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Comparison of Head Scatters in Flattening-Filter-Free and Flattened Photon Beams


Y Chen

Y Chen1*, R Shih2, M Afghan2, A Gopal2, H Chen2, (1) Columbia University, New York, NY, (2) New York Presbyterian Hospital, New York, NY

SU-E-T-1 Sunday 3:00PM - 6:00PM Room: Exhibit Hall

Purpose: To decouple and quantify scatter contributions in air and in phantom for flattening-filter-free (FFF) photon beams in comparison with those for flattened beams from a medical linac in radiotherapy.

Methods: The 7 UF FFF beam on a Siemens Artiste linac shows equivalent depth dose distribution as the 6 MV flat beam. An ionization chamber was used to measure doses along central axis in air (with a 3 cm diameter buildup cap) and in phantom (SSD = 100 cm and depth = 1.5 cm) for both beams in a range of field size, yielding head scatter factors (Sc) and output factors (Scp). A third-order polynomial function was used to fit the data within the fields of 3x3 to 12x12 cm² for each Sc or Scp distribution. An extrapolation of the fitted function to 0x0 field yielded the dose component due to primary radiation. Scatter components for different field sizes can be derived by subtracting this primary component from measured total doses.

Results: A primary FFF beam produces only 5% scatters in 10x10 cm² field through the linac head while 43% scatters are produced by a flat primary beam, resulting in a reduction of scatter contributions by a factor of 6 in the measured doses in air. Comparable scatter contributions (~10% in 10x10 field) produced in the phantom at the same depth were observed for both primary beams as expected. Overall, the significantly reduced head scatter for the FFF beam leads to a total scatter reduction of 60% in phantom at 1.5 cm depth (14% and 34% scatter contributions in 10x10 field for the FFF and flat beams, respectively).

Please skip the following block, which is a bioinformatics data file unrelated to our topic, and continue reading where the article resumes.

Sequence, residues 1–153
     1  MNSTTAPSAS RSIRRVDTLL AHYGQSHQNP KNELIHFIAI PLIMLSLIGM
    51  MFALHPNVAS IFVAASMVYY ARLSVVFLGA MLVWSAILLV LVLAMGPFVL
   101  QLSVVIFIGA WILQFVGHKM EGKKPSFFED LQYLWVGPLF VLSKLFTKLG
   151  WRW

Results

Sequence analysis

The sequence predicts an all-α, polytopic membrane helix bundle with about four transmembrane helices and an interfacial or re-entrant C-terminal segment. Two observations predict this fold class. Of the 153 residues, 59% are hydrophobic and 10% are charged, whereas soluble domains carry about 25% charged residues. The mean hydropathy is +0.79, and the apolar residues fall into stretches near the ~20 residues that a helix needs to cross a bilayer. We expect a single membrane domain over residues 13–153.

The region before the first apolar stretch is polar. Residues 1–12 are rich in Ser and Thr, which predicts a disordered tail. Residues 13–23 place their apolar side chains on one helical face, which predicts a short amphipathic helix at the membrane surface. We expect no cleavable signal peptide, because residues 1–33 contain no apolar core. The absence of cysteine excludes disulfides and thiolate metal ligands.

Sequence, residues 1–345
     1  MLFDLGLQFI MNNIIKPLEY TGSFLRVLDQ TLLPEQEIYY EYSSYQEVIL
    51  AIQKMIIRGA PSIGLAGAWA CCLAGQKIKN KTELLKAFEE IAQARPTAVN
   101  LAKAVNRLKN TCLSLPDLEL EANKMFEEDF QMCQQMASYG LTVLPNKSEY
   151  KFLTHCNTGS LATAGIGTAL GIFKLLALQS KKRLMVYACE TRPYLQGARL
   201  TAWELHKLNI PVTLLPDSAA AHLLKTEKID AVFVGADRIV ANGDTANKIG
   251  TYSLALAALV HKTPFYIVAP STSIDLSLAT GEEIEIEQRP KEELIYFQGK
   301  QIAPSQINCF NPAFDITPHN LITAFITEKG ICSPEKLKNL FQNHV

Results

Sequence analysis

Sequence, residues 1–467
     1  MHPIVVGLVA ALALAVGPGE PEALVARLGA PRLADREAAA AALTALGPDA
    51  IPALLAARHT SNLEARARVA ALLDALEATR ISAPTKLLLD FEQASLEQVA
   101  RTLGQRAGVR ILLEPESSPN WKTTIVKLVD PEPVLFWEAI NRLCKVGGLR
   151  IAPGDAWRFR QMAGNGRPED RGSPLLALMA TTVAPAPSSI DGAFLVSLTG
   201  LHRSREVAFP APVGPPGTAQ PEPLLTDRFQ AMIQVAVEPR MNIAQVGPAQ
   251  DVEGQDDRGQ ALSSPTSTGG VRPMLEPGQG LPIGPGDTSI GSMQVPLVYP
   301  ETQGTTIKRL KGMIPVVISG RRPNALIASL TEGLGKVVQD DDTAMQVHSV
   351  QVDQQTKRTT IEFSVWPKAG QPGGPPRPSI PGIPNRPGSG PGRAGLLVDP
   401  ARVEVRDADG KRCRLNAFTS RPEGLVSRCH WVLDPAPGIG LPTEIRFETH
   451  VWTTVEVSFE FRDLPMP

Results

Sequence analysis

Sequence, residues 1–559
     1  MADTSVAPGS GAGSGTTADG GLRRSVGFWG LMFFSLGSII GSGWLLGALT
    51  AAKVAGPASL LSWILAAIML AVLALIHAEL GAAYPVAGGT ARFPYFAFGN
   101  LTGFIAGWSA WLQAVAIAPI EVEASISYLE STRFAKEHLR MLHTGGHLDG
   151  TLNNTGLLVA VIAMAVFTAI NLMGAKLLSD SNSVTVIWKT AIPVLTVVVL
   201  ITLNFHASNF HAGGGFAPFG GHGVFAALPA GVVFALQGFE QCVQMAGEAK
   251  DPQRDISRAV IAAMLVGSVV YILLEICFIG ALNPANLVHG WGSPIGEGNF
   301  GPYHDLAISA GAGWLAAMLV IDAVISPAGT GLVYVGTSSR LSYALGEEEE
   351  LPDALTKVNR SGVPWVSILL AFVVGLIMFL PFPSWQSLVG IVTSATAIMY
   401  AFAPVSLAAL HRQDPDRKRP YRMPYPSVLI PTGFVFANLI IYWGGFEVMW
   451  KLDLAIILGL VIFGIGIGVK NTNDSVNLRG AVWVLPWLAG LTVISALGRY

Conclusion: Our method works well in decoupling scatter components from measured total doses. The significant reduction of head scatters for FFF beams would provide dosimetric benefits to patients with reduced shallow-dose.


Funding Support, Disclosures, and Conflict of Interest: This work is supported in part by a Siemens research fund.

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